James Joseph McDonagh

A complaint was made by the Council of the Law Society of Scotland against James Joseph McDonagh, solicitor, 9 Bank Street, Dundee (“the respondent”). The Tribunal found the respondent guilty of professional misconduct in respect of his deceiving and misleading his client by holding himself out as a practising Scottish solicitor when he did not hold a practising certificate, his intromitting with client monies while subject to a restricted practising certificate, his failure to reply to the reasonable enquiries of the Society for information and his continuing to practise as a solicitor after 15 June 2001 without having obtained a restricted practising certificate from the Society. The Tribunal suspended the respondent from practice for a period of two years.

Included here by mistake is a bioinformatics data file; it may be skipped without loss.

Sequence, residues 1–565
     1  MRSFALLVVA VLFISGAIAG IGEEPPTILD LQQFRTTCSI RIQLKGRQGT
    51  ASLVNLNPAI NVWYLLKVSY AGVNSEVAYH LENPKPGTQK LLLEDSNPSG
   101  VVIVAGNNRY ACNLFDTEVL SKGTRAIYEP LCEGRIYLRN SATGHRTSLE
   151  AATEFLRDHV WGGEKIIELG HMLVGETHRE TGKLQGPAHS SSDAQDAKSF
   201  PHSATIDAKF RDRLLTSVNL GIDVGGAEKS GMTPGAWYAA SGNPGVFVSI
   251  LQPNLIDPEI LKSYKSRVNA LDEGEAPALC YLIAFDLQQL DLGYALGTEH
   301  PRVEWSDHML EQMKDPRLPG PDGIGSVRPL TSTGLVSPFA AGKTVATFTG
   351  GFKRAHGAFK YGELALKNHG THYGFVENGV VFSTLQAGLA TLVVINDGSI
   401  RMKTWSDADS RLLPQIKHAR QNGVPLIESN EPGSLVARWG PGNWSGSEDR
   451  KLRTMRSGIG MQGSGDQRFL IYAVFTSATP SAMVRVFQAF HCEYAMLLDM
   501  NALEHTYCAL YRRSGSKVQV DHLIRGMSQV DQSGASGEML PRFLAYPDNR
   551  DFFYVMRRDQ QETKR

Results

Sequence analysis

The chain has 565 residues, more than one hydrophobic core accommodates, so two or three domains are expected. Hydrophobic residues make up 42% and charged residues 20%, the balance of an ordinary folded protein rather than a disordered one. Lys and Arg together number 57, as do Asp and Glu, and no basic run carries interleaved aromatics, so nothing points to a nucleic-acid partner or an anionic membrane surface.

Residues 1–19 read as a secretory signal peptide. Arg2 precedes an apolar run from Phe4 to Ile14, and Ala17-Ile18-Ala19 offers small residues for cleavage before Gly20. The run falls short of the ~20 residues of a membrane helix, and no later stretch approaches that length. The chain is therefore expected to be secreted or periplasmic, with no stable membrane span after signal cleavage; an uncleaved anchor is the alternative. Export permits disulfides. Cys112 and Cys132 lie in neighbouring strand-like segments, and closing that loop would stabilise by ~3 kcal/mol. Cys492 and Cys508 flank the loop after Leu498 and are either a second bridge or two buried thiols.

Given the lack of satisfactory explanation from the respondent with regard to why his answers had been lodged late and why he was unable to attend the Tribunal hearing, the Tribunal decided not to allow the answers to be lodged late, and refused the respondent’s motion to adjourn and proceeded to deal with matters in the respondent’s absence. The Tribunal heard evidence from one witness and received affidavit evidence from another two witnesses, and was satisfied beyond reasonable doubt that the respondent held himself out as being a practising solicitor when he no longer held even a restricted practising certificate and that he deceived and misled his client. The Tribunal was also satisfied beyond reasonable doubt that he intromitted with monies from his client, but did not find that there was sufficient evidence to establish that the respondent had acted contrary to rules 4 and 6 of the Solicitors (Scotland) Accounts Rules 1997. The Tribunal considered that the respondent’s ignoring of the single request from his client for a full and detailed accounting was not sufficient to amount to professional misconduct. The Tribunal noted two previous findings of professional misconduct against the respondent which related to analogous matters, and in particular noted that even after the Tribunal findings were issued in August 2003, the respondent still did not tell his client that he did not have a practising certificate. The Tribunal accordingly considered that the respondent should be suspended from practice for a period of two years.